Tim Wright: Brian Johnston was in charge of creating the music for Lemmings in the first instance. He’d been told to come up with 3 channel music using very little RAM. I’m not sure if he’d been told to write covers of famous tunes or not, but when a Lemmings ‘work in progress’ demo arrived at Psygnosis, they discovered many of the tracks were copyrighted, and had been taken from T.V. and films like Batman and so on. I received a telephone call from Ian Hetherington (then M.D. of Psygnosis) asking if I could very quickly compose some tunes to replace these problematic tracks.
I recall chatting with John White (then Director of Software Development) about how I could do some covers of famous tunes, but ones that were out of copyright, such as folk tunes and so on to which he agreed. I created several unique tunes, some covers of Psygnosis game tunes (at their request) and covers of what I thought were very old folk tunes.
Several years after the release of Lemmings, Psygnosis received a letter from the copyright holder of “Oh Little Town of Bethlehem” asking for royalties on the millions of copies of games that had been sold. They paid them a few thousand pounds as I recall. Ian Hetherington joked that the money would come out of my next music job. Thankfully he was joking and was good natured about the whole thing. Ironically, the copyright on this tune ran out a few years later.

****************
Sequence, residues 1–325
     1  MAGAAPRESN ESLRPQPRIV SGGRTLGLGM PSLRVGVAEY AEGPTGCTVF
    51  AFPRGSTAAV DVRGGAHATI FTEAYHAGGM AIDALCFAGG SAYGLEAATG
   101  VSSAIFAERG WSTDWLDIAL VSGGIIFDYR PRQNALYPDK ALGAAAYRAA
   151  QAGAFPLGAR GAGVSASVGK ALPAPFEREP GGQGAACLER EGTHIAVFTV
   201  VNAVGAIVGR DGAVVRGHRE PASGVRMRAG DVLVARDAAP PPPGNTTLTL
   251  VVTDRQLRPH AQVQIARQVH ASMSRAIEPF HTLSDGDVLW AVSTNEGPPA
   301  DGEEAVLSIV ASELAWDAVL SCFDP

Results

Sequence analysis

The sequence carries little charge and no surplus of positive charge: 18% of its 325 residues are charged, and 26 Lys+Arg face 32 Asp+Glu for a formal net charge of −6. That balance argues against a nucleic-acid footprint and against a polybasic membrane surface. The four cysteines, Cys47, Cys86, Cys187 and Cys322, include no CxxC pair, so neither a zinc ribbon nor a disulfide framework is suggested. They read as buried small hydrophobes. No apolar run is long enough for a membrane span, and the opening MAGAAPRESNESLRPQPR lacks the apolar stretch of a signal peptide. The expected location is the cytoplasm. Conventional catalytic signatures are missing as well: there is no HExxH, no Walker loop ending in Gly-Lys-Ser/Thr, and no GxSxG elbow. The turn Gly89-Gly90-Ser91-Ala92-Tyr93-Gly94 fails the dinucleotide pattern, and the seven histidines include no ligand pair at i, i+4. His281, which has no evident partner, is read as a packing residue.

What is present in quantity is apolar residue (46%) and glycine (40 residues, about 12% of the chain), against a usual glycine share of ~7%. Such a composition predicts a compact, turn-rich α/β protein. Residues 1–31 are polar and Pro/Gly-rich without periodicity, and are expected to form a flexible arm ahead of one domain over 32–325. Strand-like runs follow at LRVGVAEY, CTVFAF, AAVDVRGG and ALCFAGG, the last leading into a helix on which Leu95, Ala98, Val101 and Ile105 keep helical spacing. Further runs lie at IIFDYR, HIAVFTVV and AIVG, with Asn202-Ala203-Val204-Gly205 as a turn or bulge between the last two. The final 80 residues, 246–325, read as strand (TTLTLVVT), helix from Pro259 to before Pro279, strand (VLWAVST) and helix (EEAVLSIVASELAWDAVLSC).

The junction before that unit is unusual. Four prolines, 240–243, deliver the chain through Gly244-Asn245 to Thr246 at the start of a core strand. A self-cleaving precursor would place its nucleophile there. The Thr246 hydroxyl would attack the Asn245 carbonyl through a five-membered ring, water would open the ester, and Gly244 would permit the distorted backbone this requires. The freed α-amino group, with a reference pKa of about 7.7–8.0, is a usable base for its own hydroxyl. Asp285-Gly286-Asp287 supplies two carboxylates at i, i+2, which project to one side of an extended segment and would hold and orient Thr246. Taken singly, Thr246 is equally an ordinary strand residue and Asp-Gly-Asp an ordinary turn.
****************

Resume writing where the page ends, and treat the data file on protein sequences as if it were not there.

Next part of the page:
Dave: Your music for the Shadow of the Beast series is also very famous. How did you expand on the approach from David Whittaker’s soundtrack for the two sequels?
Tim Wright: After being asked to write the score for Beast 2, I listened to David’s work on the originalShadow of the Beast as a yardstick of ‘I have to do this well and more’ which felt like a daunting proposal. David was one of my all time music heroes, so to be stepping into his shoes was both thrilling and terrifying.
Martin Edmondson from Reflections was very hands-on when it came to the music. He had strong ideas about what the music should sound like… even down to which samples he would like to hear included from a KORG M1 Synthesizer. Luckily, I had a close friend who had that exact synth, so we set to work sampling Martin’s sounds, along with others that I thought might work well. The style was pretty much indicated by the original Shadow of the Beast, but I wanted to expand upon that and make it darker and more like a film score than the previous game.